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13 Responses to Architecture and the ballot box

  1. Politics evidently was a problem with the E.O., Dan, but it ought not to have been. The E.O. was not political, let alone bad politics – it was good policy, but it got sucked up in bad politics. If Trump loses, the E.O. probably (I repeat probably) is dead. Too bad. Whether it can re-emerge in another form if Biden wins, maybe.


  2. Pingback: Fate of E.O. if Biden wins | Architecture Here and There

  3. Peter Van Erp says:

    Larger font please!


  4. Nikos Salingaros says:


    Sorry to ignore the Executive Order, but I vote to increase font size! There are many of us of a certain age in which wisdom is acquired but our eyesight is declining.

    Best wishes,


  5. Steven W Semes says:

    David, I believe you are mistaken to think a continuing Trump administration will support classical architecture. Trump, personally, has no interest in classical architecture. On the contrary, he has destroyed it many times in his career as a New York real estate developer. While there may be those in the government sympathetic to the proposed Executive Order, there is no reason to think that there are not also those in a prospective Biden administration equally so. Trusting the future of classical architecture in America to a professional vandal does not seem to me a good strategy.


    • I think the sins of Trump have been greatly exaggerated, Steve, although I admit that beyond the Bonwit Teller fiasco, I am unaware of how many classical buildings have come down to make way for his abominations. For the latter, I blame mainly his use of architects conventional in his heyday (and alas still). His preferred interiors are, if not classical, gaudy trad, or at least so I gather. Biden may indeed be no less inclined to sign the E.O., but I suspect the headwinds there would be greater than under Trump, who maybe has seen his presidency go to his head in a way that could favor classical architecture. I may address all this – esp. the E.O. prospects under Biden – in a post I plan to write today.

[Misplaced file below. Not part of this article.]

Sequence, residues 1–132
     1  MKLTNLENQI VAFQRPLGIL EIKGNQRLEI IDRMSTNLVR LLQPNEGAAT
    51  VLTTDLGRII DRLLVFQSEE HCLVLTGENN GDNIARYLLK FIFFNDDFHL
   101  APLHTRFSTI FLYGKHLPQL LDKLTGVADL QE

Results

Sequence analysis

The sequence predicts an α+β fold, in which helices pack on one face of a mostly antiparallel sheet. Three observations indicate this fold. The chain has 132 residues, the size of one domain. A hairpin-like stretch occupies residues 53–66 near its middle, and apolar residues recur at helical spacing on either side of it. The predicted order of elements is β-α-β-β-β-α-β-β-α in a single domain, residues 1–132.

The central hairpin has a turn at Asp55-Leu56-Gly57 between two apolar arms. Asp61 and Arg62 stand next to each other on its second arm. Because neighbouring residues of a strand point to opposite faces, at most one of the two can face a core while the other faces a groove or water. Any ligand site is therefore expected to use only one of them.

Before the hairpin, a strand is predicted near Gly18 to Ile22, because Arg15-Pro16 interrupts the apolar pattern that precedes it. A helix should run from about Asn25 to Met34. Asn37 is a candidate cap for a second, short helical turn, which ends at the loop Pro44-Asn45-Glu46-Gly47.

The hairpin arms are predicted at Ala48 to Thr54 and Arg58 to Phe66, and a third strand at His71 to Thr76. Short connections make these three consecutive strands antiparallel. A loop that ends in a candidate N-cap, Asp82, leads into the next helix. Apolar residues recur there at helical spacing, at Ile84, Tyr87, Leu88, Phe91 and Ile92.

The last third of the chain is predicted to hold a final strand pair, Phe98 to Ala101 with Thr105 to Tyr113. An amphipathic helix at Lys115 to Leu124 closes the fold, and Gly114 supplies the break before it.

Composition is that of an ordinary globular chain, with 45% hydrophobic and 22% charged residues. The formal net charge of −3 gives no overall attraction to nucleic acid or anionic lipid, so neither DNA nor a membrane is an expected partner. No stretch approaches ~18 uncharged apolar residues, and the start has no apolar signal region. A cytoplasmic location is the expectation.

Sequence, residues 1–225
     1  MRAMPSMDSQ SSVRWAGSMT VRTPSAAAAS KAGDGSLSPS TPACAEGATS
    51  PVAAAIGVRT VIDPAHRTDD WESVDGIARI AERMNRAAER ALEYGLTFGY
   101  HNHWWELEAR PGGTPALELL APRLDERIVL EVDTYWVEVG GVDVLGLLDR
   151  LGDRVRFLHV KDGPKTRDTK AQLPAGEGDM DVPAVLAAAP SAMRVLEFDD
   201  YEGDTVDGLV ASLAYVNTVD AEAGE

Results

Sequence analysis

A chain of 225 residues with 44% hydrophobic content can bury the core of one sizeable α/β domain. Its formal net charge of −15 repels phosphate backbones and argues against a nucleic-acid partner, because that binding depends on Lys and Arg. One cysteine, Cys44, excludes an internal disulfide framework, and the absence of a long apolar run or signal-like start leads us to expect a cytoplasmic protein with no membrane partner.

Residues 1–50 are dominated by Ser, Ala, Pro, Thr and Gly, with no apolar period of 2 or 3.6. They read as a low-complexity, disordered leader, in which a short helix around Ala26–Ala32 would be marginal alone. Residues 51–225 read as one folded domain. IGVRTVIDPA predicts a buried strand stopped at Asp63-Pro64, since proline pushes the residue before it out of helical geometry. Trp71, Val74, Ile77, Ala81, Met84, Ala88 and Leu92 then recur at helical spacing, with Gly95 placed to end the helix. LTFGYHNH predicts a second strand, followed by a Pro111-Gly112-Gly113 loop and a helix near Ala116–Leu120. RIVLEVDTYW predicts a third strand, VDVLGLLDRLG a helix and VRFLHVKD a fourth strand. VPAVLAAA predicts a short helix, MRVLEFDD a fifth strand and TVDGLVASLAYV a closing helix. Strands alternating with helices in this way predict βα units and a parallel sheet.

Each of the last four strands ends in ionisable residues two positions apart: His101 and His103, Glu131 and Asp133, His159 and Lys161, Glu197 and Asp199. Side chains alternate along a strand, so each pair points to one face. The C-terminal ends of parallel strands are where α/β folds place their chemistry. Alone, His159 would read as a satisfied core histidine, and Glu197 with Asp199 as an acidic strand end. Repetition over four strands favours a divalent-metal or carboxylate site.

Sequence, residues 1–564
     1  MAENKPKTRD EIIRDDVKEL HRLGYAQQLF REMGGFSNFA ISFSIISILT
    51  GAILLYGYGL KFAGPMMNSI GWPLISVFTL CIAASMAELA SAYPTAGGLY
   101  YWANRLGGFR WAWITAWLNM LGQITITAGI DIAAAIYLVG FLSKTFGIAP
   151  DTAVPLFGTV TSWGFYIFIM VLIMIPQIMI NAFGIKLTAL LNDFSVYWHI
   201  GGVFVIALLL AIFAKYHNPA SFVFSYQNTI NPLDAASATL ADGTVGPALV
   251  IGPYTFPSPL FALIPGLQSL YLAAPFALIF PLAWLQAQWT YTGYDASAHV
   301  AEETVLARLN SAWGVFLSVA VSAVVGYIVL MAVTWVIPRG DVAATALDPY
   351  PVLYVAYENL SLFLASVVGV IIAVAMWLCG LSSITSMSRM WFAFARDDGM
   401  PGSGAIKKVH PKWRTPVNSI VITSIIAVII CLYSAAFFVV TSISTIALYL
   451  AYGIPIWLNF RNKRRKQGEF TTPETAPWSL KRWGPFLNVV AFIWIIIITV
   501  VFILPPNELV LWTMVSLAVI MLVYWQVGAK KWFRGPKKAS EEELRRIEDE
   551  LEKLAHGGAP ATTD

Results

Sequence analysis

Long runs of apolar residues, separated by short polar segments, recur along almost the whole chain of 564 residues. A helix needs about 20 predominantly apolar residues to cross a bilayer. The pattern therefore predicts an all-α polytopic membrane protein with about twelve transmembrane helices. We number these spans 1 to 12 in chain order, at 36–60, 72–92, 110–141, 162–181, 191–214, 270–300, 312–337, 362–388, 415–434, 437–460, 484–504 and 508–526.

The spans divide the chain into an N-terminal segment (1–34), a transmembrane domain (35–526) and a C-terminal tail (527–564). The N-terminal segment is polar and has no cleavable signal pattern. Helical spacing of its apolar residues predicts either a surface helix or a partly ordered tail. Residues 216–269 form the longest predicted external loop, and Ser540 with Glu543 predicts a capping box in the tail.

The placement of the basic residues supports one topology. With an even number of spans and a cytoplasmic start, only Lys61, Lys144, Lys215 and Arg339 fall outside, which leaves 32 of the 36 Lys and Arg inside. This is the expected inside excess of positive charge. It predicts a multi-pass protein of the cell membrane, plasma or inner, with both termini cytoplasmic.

6. I think you are correct in that classical/comfy/warm architecture straddles both parties. I think many people will vote for Biden as a way to return to normal. And many Trump voter see the other side as radical. Most poeple agree that classical architecture feels more comfortable. The woke element is not really a factor for the average joe, the connection between racism and supremacy and columns is not at the fore front of thought. Or at least I hope it is not.


  7. Anonymous says:

    I’m with Gaither – Palladio redux is not worth 4 more years of whatever hell the last 4 have been. Re: font: I’m so glad I know how to enlarge page content – had to hit control/+ several times. I could read the smaller font – but after a few sentences the strain was too much.


  8. steve bass says:

    Yes – please go to a larger type face!


  9. Gaither Pratt says:

    I disagree with your premise that a vote for Trump secures the mandate for classical architecture and Biden doesn’t. Have some faith in the hard work and advocacy of the people and organizations that got it on Trump’s desk to do the same with a Biden administration. The argument has been presented as a viable option.

    If you are correct in your premise, then I say it’s time to throw the baby out with the bathwater. No allegiance to classical architecture should blind one to the raging sins of the Trump administration in every other arena. Some additional patience and work for the classical agenda is a small price to pay to overcome the repugnant Trump policies in every other arena.


    • Gate, I do not believe and did not write that a continuation of Trump secures the E.O. while the election of Biden will not. I said the former is more likely than the latter – a very big difference. But you do twit me correctly for my premise that the E.O. is dead under Biden. I think it probably is, but I have no proof.


      • Daniel says:

        I hadn’t thought that the authors of the EO would pursue it under a new administration but it’s highly unlikely because of their politics, which was always the problem with the EO. Keep architecture out of partisan politics if you want he widest support possible support.